Overloading the Camel, by Wole Olaoye

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I humbly reiterate my call that we do not push the common man beyond the abyss. The camel is already loaded with a gargantuan mountain of straw. Another “insignificant” straw – and something might break!

The Nigerian Camel is strong, resilient, patient, but not unbreakable. You can stack kilograms on kilograms of straw on her back and everything looks fine until you throw out the last straw. And the load and the transporter embrace the dust.

One man whose last straw insight seems to speak to the Nigerian situation is blogger Greg Smith. It tells the story of a circus that didn’t know when to stop putting straw on straw, until the camel’s back broke.

“Did you hear the story of the man in the circus, near the camel enclosure?” He was seen picking up a stalk of hay and heading towards one of the dromedaries. He carefully laid the dried blade of grass on the brown fur of his hump. Nothing happened. The man shrugged his shoulders and said, “Ah, bad straw! and left disappointed.

“Obviously he was looking for the straw that broke the camel’s back. And he missed the point of the old saying. A straw is a small thing. It really can’t do anything wrong. But added together, the small straws are a heavy burden. And as you put more straws on a camel’s back, theoretically they will get progressively heavier until there is one last straw that adds the extra fraction of an ounce that sticks out. the tensile strength of the vertebrae of this workhorse. The last straw is not the last in itself. “

He could have written a metaphor for the Nigerian situation.

The Nigerian people have been at the mercy of a system that makes them poorer every time the country makes more money from the sale of oil. Paradox of Paradoxes: Every time the international price of crude oil rises and Nigeria earns more money than expected, citizens have to pay more for local consumption. Over the years, state-owned refineries have been downsized to the point that petroleum products are now imported for consumption, as if Nigeria is not an oil-producing country. And the only importer is another government “sick baby” – the Nigerian National Petroleum Corporation (NNPC).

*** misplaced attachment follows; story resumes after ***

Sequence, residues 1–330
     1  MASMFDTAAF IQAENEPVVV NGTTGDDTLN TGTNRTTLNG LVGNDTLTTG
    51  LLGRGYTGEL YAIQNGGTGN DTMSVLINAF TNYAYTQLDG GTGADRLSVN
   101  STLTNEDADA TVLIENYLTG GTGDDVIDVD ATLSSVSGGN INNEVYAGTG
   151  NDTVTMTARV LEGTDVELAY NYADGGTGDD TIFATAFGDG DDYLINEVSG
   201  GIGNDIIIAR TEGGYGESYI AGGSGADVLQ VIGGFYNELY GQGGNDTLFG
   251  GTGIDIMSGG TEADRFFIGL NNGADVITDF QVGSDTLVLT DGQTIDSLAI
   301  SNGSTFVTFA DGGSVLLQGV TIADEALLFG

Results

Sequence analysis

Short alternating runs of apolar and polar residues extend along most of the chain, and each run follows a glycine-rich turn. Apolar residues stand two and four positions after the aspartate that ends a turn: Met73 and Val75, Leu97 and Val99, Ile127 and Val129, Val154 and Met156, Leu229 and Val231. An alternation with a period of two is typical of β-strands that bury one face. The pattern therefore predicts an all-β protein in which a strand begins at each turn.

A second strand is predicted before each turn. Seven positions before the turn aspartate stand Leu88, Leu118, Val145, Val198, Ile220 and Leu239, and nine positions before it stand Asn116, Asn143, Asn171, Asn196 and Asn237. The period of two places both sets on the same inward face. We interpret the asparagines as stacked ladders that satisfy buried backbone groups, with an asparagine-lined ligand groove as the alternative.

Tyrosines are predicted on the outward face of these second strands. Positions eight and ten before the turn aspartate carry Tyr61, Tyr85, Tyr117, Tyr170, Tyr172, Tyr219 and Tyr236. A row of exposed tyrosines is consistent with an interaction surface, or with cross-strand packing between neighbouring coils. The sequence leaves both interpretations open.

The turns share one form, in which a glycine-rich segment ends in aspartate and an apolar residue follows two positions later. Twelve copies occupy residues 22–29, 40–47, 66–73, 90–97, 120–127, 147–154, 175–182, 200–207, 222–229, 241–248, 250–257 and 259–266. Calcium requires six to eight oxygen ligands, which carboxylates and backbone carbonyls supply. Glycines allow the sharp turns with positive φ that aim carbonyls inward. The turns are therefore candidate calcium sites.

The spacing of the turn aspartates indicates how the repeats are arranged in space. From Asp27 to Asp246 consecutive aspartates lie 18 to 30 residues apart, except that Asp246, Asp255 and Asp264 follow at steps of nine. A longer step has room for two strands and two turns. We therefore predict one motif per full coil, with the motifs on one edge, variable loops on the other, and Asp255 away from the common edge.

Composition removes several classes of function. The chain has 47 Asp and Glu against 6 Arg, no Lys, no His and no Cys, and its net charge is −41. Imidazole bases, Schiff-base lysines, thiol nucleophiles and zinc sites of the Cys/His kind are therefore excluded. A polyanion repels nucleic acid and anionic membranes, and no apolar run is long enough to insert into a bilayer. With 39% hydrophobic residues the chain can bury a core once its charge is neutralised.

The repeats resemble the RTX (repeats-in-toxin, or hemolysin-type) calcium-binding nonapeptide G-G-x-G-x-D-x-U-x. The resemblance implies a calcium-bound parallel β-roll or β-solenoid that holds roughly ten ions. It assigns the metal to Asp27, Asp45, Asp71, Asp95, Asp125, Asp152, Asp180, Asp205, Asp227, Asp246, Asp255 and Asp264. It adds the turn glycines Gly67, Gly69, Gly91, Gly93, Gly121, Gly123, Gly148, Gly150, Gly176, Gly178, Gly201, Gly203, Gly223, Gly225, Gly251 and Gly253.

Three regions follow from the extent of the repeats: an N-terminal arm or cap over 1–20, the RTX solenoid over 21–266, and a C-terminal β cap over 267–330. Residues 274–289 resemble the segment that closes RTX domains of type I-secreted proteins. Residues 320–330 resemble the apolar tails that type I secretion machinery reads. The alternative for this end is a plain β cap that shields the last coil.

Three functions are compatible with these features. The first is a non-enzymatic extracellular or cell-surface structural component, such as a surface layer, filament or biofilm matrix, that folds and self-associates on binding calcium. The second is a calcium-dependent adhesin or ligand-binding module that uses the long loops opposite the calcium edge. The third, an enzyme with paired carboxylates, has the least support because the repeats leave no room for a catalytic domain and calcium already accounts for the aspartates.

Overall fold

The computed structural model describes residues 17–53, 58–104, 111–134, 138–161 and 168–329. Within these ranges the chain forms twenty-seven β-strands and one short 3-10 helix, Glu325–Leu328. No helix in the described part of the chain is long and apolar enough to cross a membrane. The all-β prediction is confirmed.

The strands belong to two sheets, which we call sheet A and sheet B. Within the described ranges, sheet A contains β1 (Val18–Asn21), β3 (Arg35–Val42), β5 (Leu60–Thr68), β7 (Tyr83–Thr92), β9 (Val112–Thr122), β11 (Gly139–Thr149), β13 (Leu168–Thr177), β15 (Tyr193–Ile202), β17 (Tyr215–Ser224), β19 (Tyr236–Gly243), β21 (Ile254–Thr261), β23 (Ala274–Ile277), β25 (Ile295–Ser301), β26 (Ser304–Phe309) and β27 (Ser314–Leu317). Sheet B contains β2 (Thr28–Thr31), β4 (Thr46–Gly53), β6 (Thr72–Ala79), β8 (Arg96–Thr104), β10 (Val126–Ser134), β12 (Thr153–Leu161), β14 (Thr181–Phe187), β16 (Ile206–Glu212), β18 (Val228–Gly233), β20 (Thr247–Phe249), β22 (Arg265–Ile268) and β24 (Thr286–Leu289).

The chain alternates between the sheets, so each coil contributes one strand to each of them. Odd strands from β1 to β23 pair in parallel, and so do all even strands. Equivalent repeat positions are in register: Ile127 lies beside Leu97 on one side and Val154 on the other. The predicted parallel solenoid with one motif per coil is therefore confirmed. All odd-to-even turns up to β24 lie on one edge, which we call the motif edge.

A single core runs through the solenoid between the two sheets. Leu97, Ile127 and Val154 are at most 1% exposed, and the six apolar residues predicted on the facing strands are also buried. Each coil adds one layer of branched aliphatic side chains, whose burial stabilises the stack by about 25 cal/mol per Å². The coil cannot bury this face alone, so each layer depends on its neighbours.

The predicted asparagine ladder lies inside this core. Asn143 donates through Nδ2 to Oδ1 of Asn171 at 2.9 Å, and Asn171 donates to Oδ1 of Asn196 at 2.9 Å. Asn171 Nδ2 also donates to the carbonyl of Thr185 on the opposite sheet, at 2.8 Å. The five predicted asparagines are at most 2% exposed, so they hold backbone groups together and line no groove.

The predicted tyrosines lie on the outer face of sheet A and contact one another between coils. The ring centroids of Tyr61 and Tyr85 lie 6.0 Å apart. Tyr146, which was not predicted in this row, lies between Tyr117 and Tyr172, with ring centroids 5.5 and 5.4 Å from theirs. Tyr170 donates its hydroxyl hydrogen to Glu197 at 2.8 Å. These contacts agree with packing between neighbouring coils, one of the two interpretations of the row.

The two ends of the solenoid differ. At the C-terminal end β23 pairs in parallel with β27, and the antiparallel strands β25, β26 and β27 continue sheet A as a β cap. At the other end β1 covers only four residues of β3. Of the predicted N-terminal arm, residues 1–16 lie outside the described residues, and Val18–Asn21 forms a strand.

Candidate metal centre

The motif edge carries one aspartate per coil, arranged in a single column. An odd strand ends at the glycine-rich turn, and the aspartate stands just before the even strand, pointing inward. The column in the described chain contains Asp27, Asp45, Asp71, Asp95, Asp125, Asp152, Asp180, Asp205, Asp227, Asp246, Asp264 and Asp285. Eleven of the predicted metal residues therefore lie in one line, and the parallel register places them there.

Mele Kyari, the company’s group chief executive, recently sent a notice to a baffled country that more bad news was on the way. “Today, PMS sells across our borders anywhere above N300 to one of our neighbors. And in some places it’s up to N500 and N550 per liter, ”he says. He warned that the NNPC would no longer operate a subsidy scheme regardless of its name.

Nigerian officials are used to comparing cucumber to mango. Which of our neighbors is as blessed as we are? Why do we always select characters out of context to justify launching more painful programs on our people? We know that if we refine our own crude at home, the price of fuel will be about half of what we are paying now. But we choose to pass on the pain of our corruption and incompetence to the people.

The rise in the price of petroleum products, as the world ravaged by COVID-19, has led to increased tariffs for transport by land, sea and air. This has had a skyrocketing effect on the cost of goods, especially food and household items.

This was the same country where we paid 6k (six kobo) per liter for gasoline until 1973 when the Gowon administration raised it to 8.45k. Since then, successive administrations have driven the price up until the present moment, when we are told that the government’s inability to refine oil at home is our collective fault. Just look at the trajectory: Murtala Mohammed raised the price at the pump to 9k; Obasanjo took it to 15.3 km; Shagari increased it to 20k; in four different installments, Babangida increased the price to 39.5k, 42k, 60k and 70k.

Shonekan catapulted the price to N5; Abacha took him to N11; Abubakar walked it to N20; Obasanjo in his second coming has increased the price seven times in eight years, ending at N75; Yar’Adua, in sympathy with the people, reduced the price to N65, the only president who did not increase the price of fuel; Jonathan jacked up the price to N141 and, following protests, reduced it to N97 and further to N87. Buhari has now increased the price to N165, depending on where you refuel. This is the price that NNPC, the agency that presides over the opaque and incompetent system of importing what we should be exporting – wants to push further into the stratosphere.